One of the best things about living on the east coast is your proximity to other states and their indigenous foods. In one day, you can travel through 3 or 4 states and try everything from New York pizza to Connecticut hot dogs to Rhode Island seafood!
Champlin’s is a seafood shack in Narragansett, Rhode Island that is hailed as having some of the freshest and most delicious seafood in all of Southern New England.
It is part restaurant, part fish market, and the vibe is uber-relaxed seafood shack.
You might want to sit outside in the summer, but in the winter, it is INSANELY cold, and empty!
You order up front, gather hot sauce and lemon, and wait for your number to be called.
Stuffies are giant clams called quahogs that are chopped (they are too tough to eat when they are whole), then mixed with bread or crackers, peppers, and an assortment of other spices. The clam mixture is then stuffed into the shell and baked. It may be my FAVORITE way to eat clams.
This stuffie is good but not fantastic. A bit dry and crumbly, mixed with slightly sauteed red peppers and large pieces of clam. Sadly, it lacks the moist consistency and truly in your face briny taste of a truly awesome quahog.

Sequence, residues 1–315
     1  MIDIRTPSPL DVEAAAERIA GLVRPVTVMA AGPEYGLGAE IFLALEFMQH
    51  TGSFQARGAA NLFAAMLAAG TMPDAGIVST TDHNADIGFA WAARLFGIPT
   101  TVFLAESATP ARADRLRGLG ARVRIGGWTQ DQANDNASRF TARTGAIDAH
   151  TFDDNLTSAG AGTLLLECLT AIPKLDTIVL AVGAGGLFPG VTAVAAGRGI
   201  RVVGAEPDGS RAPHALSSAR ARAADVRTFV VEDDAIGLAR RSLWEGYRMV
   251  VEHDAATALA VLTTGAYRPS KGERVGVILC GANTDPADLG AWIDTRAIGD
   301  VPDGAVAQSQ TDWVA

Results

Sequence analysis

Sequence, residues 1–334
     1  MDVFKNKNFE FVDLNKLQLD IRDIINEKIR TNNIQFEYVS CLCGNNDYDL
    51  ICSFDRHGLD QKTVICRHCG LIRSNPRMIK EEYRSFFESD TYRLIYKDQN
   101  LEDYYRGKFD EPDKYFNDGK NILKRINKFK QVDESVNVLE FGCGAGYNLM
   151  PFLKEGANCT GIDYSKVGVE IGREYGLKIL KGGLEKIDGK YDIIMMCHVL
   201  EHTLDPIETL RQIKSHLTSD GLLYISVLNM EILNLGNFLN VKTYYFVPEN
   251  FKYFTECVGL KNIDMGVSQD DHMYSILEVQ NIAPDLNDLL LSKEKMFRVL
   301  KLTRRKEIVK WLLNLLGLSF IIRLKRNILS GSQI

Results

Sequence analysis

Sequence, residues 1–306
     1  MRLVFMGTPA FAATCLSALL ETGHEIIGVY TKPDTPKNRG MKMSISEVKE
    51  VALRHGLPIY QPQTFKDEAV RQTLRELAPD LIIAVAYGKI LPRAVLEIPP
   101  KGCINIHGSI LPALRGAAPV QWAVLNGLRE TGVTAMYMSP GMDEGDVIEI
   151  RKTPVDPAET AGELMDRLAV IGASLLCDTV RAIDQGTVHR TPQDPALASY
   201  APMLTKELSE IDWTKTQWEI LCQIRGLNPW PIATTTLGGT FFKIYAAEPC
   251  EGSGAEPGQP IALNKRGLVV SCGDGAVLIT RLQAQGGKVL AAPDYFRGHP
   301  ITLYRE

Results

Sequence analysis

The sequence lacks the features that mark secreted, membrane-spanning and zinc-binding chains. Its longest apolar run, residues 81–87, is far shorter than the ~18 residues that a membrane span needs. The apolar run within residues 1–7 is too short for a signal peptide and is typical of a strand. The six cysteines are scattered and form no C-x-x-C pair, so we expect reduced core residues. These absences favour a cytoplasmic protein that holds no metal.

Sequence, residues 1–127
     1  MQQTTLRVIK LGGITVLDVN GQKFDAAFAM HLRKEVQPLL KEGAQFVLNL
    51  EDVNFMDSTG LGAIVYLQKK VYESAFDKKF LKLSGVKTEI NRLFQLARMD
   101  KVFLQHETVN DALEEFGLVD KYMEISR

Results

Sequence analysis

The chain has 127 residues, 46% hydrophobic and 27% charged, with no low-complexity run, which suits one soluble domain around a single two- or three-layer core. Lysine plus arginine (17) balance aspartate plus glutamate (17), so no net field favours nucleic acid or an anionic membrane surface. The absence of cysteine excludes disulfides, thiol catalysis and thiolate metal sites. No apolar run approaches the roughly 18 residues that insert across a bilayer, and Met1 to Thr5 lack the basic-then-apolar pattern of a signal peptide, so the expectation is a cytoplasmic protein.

Don’t get me wrong…it is still really delicious. Just not in the upper pantheon of quahog-ness.
A hot, savory doughnut. Crispy on the outside, fluffy on the inside. Bready, salty doughnuts studded with huge bits of tender and salty clams.
This could turn anyone into a clam lover. Dip it in some malt vinegar and it is a tangy-salty-fried haven of flavor.
Creamy, rich, and deeply flavored with the buttery taste of lobster. It has a balanced flavor with plenty of sherry and zippy cayenne pepper playing off of the naturally mild lobster. This seems less like a cream soup with lobster and more like the liquid essence of lobster that simply happened to be creamy. Really fulfilling and delicious on a winter’s day.
Or in the middle of summer.
Anytime you’re awake, really.
The lobster roll is exemplary, as far as Maine style lobster rolls go. That means that it has finely diced celery, a bit of mayo and is served on a buttered, toasted, top split hot dog bun. Lots of tail and claw meat, cooked until done but not rubbery, are mixed with crunchy celery and creamy mayo to create a delicious lobster salad. Nestled in that warm toasted bun, the lobster is tender but retains a light bite that keeps the shellfish from being mushy. It is light, rich and carries the fresh taste of the ocean.
I can’t recommend Champlin’s enough! The food is incredibly well priced, incredibly fresh and incredibly delicious. Though there is nothing earth shattering or amazingly inventive at this restaurant, that isn’t why you go there. You go there for fresh seafood, perfectly prepared. Only a few hours a way. Cooked by the people who caught it.
Man, I love the east coast!